James: That’s awesome and kudos to you for carving that niche out for yourself and doing what you love and being passionate about it. That’s awesome. So on that note of a personal note—not to get too personal—but I’d like to delve into folks like yourself, it takes a lot of be an entrepreneur and agency owner to start up. It takes a lot of discipline, a lot of internal knowledge and you really have to have your stuff together. Tell me about maybe any particular mindset, rituals, productivity, accountability, sounds like your girlfriend is a partner in the agency so there could be accountability there where you guys kind of play off each other. But as far as growing the business and keeping it moving forward, accountability, productivity, how do you keep all that together?

Alex: Well I think getting up early in the morning is a great way to start the day. I start the day by learning and like everyone else, it takes a little while for my brain to start going so I quite often start the day with learning. So I quite often spent the first hour of the day reading. There’s so much to learn in this industry, it’s in its infancy so I’m always mindful that my knowledge is miniscule compared to what it could be so yeah learning is a big part of that for me. And yeah I think it’s about having a strong belief that you’re going to make a big difference to the clients you work with. The thing that really motivates me and keeps me going everyday is hearing back from my clients—just even the little things, the little tips that I’ve given them that’s made such a huge difference to their leads and how much reach they’ve got with their posts and what differences made to their business and how they can’t wait to do more and more of it.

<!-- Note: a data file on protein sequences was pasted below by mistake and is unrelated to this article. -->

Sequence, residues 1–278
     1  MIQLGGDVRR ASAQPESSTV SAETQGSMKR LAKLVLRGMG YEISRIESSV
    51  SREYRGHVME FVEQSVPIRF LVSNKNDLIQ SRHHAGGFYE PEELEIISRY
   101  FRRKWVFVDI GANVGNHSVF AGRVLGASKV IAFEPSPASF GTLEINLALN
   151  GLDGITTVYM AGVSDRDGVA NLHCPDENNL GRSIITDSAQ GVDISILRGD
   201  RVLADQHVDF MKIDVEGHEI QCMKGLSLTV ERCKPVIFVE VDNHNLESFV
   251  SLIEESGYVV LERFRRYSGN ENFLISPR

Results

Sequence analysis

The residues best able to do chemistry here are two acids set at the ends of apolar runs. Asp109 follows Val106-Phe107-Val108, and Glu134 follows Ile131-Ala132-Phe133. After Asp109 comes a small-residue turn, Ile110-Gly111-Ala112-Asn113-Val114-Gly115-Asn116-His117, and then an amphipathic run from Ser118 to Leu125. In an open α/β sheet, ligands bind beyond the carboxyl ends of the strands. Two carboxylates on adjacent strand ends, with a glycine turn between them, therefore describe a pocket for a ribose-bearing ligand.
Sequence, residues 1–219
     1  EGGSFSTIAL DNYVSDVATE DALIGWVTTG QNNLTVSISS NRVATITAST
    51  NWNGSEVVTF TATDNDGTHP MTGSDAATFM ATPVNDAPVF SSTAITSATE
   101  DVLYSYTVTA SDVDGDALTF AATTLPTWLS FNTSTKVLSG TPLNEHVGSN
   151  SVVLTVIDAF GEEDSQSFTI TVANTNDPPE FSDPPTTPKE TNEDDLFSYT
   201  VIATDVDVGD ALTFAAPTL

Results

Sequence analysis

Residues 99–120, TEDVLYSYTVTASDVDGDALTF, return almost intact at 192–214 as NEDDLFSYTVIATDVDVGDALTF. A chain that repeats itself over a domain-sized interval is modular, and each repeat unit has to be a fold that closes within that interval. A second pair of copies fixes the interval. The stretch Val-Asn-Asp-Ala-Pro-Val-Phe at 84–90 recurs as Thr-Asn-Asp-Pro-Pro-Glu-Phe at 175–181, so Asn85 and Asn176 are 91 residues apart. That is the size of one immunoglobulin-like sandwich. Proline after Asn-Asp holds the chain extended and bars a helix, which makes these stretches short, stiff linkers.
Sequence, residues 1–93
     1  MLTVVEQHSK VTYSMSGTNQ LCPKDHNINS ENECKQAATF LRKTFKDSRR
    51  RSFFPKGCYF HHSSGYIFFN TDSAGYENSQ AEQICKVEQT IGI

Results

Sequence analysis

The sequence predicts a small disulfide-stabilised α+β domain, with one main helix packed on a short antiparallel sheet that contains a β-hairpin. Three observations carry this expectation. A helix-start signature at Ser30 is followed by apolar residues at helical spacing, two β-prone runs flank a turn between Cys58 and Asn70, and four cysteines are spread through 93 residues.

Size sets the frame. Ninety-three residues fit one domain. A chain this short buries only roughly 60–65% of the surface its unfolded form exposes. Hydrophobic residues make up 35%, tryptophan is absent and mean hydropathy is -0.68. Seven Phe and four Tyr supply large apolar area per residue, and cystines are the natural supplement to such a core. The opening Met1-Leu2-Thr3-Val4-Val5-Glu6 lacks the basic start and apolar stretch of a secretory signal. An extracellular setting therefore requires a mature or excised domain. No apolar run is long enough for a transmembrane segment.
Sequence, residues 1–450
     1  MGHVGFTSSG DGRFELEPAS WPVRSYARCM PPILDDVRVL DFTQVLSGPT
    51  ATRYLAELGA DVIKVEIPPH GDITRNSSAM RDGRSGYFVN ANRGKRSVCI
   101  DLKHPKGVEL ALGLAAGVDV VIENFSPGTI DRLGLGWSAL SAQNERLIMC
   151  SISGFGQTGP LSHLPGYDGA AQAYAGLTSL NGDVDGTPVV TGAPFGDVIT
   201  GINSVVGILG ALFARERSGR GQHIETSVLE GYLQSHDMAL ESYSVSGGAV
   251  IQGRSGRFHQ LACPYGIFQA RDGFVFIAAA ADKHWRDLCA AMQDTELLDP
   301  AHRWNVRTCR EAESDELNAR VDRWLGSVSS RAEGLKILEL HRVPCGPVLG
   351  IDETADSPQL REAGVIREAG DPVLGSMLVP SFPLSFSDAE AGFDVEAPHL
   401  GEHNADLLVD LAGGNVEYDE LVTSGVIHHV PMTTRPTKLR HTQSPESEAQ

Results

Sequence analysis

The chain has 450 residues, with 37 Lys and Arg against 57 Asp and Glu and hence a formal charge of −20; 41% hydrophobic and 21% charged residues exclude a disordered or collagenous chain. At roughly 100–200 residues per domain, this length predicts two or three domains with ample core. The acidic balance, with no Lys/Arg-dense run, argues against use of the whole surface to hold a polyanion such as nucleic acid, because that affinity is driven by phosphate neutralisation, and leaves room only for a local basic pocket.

Sometimes it’s more fun rather than providing the whole service for a client but actually just perhaps having a one-day session with them and just going through some things they can try themselves and watching them go through a similar journey to me. They’re learning and developing themselves and going on to do it on their own. I think that’s really exciting. So yeah that’s the real kind of motivation for me.